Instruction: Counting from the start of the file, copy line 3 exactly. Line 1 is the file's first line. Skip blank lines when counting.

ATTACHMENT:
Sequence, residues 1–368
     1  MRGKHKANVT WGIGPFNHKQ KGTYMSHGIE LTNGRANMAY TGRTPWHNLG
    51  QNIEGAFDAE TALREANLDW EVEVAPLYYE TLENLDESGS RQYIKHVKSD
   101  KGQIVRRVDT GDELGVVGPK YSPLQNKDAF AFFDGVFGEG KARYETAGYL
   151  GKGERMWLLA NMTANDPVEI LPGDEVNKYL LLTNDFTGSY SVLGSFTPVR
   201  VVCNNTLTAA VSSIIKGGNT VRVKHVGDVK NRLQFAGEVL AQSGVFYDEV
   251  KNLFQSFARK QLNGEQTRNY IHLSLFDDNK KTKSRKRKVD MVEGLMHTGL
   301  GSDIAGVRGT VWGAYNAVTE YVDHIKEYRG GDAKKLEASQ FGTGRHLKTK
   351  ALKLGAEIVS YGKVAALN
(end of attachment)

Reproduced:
    51  QNIEGAFDAE TALREANLDW EVEVAPLYYE TLENLDESGS RQYIKHVKSD